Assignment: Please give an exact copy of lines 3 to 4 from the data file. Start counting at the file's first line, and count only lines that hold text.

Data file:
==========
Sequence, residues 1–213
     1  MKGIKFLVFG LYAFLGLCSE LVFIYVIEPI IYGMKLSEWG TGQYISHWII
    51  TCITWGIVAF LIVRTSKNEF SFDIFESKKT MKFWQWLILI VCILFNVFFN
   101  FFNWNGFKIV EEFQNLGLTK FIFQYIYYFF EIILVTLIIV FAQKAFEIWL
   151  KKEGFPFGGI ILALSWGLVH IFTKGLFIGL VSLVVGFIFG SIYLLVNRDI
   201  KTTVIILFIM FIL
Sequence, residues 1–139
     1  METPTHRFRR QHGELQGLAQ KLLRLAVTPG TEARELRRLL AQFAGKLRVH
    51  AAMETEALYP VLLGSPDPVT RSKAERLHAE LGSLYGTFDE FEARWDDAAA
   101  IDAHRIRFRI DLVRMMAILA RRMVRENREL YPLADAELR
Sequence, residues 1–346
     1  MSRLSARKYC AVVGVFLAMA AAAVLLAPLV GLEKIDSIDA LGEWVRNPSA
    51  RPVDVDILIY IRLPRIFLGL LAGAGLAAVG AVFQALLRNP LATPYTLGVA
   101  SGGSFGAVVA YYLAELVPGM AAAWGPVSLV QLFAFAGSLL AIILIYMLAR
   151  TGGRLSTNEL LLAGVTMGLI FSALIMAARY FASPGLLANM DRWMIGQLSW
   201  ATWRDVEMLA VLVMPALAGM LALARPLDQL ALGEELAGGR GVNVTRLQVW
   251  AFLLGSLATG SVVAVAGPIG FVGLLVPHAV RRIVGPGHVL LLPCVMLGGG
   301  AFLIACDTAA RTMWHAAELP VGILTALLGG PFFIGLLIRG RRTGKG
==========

    51  TCITWGIVAF LIVRTSKNEF SFDIFESKKT MKFWQWLILI VCILFNVFFN
   101  FFNWNGFKIV EEFQNLGLTK FIFQYIYYFF EIILVTLIIV FAQKAFEIWL